The ?solidarity? of the World Economic Forum, and the almost ritualized demonization of protesters by the corporate media, outrages New Yorkers like David Graeber, Christina Karatnytsky and Yvonne Liu. They are all organizers with the Anti-Capitalist Convergence (ACC) and, each in their own way, they consider the WEF?s move to New York as nothing less than ?hiding behind our dead? (a slogan that has become common among New York?s progressive and radical activists since the WEF meeting was announced).
To the suggestion that protests might not be appropriate after September 11, Graeber responds, ?The people laying the groundwork for this mobilization [against the WEF] are New Yorkers.? He adds: ?We?re outraged at the cynical manipulation of our grief by the WEF.?
Karatnytsky, a librarian, rejects the attempts by the forum to co-opt the horror of September 11: ?I spent three days serving food at Ground Zero, and I experienced that pain,? she recounted this week. ?People are trying to separate protesters from the people who live in this city, and that?s purely self-serving.?
Liu ? who also works with Students for Global Justice ? finds the WEF a particularly appropriate target for the first major direct-action protest in New York since September 11: ?The WEF?s obscurity makes it all the more dangerous. People are not even aware of the role it plays in determining global economic policy.? Liu emphasizes that anti-WEF teach-in and demo organizers will be underlining their own brand of solidarity ? particularly with resistance movements in the global South, and most particularly with the ongoing anti-IMF and anti-government revolts in Argentina.
Consistent with their strategy of ?reflection? after September 11, most reform-minded unions and nongovernmental organizations (NGOs) are opting out of a major street-level mobilization against the forum ? and many of their leaders are opting to travel to the World Social Forum in Porto Alegre, Brazil. That means the main street protest organizers in New York belong to cash-poor but dynamic new grassroots organizations like the Another World is Possible Coalition (AWIP) and the ACC.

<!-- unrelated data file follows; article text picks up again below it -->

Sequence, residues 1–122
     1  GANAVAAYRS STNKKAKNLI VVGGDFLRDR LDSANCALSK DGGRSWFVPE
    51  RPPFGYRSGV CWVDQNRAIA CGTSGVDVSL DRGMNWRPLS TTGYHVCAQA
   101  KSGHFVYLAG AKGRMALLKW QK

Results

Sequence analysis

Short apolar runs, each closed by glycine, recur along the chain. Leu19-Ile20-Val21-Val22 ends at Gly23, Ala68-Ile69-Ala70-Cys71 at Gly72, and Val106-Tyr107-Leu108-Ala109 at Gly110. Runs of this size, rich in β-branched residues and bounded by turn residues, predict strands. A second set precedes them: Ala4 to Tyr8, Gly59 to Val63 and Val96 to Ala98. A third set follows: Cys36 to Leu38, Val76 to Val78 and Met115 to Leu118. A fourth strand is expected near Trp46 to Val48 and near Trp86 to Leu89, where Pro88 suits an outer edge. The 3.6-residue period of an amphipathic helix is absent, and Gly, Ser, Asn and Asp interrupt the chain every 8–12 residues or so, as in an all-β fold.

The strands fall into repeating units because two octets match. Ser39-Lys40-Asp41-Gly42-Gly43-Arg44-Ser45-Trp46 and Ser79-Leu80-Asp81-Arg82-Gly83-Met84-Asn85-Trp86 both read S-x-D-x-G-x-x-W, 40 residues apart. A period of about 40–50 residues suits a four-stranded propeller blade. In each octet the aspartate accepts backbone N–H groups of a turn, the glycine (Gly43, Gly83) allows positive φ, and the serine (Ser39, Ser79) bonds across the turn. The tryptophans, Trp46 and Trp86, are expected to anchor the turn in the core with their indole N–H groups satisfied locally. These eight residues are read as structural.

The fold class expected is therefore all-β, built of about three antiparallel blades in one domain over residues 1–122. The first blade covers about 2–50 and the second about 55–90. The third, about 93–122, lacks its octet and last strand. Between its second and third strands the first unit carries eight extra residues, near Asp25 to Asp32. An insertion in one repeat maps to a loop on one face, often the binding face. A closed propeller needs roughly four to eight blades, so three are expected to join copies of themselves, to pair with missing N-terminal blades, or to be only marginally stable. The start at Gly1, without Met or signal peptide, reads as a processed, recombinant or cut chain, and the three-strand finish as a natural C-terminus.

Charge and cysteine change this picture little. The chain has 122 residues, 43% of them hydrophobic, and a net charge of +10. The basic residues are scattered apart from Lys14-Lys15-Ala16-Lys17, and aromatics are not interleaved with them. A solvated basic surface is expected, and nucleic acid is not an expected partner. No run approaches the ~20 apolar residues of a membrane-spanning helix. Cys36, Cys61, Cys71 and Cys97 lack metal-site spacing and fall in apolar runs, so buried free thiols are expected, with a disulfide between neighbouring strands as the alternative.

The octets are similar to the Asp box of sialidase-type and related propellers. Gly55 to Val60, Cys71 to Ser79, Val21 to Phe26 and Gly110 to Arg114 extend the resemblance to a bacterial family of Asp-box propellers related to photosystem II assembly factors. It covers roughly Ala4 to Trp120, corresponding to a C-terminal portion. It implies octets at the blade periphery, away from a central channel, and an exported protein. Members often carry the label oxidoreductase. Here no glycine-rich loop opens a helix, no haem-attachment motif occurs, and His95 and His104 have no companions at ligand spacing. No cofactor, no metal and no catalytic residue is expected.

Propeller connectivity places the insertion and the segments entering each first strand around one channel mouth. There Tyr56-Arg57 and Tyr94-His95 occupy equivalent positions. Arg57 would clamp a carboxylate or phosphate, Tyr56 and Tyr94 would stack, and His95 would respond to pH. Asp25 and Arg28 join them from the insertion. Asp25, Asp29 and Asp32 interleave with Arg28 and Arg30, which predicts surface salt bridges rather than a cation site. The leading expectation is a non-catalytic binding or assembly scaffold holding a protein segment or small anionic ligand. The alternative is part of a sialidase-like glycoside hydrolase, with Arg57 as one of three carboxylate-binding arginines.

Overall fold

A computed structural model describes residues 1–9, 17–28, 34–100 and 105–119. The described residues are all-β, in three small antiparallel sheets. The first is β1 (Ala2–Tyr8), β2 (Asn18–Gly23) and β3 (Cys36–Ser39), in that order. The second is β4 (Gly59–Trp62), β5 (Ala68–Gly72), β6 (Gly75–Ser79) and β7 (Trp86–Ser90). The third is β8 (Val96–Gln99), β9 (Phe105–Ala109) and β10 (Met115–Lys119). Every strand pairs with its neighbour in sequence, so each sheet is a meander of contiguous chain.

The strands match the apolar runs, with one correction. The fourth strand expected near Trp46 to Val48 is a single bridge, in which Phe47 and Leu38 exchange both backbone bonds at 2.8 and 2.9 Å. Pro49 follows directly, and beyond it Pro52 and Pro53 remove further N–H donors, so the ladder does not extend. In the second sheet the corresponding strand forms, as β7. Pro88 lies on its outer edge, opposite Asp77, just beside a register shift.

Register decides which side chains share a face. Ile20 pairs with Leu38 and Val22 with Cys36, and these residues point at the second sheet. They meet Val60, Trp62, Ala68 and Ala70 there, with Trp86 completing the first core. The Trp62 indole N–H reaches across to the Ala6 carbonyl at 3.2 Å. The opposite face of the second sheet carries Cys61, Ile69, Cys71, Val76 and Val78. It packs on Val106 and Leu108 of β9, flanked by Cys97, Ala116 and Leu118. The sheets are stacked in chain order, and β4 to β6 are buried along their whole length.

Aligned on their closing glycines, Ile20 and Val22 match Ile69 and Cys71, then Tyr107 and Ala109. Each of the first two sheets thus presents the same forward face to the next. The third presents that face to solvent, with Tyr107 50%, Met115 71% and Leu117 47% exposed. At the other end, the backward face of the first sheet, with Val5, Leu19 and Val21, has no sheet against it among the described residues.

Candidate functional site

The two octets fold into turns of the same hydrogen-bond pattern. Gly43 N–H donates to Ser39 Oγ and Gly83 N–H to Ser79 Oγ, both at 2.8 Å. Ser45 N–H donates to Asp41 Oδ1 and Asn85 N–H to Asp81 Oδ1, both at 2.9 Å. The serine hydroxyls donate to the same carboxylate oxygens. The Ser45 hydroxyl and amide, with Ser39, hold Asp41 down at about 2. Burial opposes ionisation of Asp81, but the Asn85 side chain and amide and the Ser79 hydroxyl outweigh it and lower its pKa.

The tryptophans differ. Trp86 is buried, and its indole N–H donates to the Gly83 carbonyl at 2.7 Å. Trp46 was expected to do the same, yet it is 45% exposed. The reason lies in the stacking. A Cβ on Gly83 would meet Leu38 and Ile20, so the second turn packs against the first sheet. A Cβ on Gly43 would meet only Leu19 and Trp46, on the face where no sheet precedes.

Karatnytsky describes the ACC as ?an antidote to the NGO-ism and liberalism we often see at these protests ? watering down messages to try to reform institutions that are inherently corrupt.? She adds critically: ?The trend of the NGO, like the trend of the charity, is to perpetuate its own existence.?
Consistent with the ACC approach, Liu offers the following reminder: ?People should know that direct action is being planned. Now, more than ever, it?s important to be on the street.?
In Graeber?s view: ?If radical direct action is still possible in New York, that sends a message everywhere that the door that was opened in Seattle remains open.?
Paraphrasing a common Quebec City slogan, Karatnytsky can?t resist adding: ?It didn?t start in Seattle, and it won?t stop in New York City!?
Jaggi Singh is a writer and activist based in Montreal. He wrote this piece a few hours before getting on the train to New York City yesterday. At the time, he was worried about crossing the border, but was hoping to file more pieces for rabble.ca directly from New York City. Jaggi is also active with the Anti-Capitalist Convergence (CLAC) of Montreal. His previous piece for rabble news was ?Keeping Tabs? (January 7, 2002).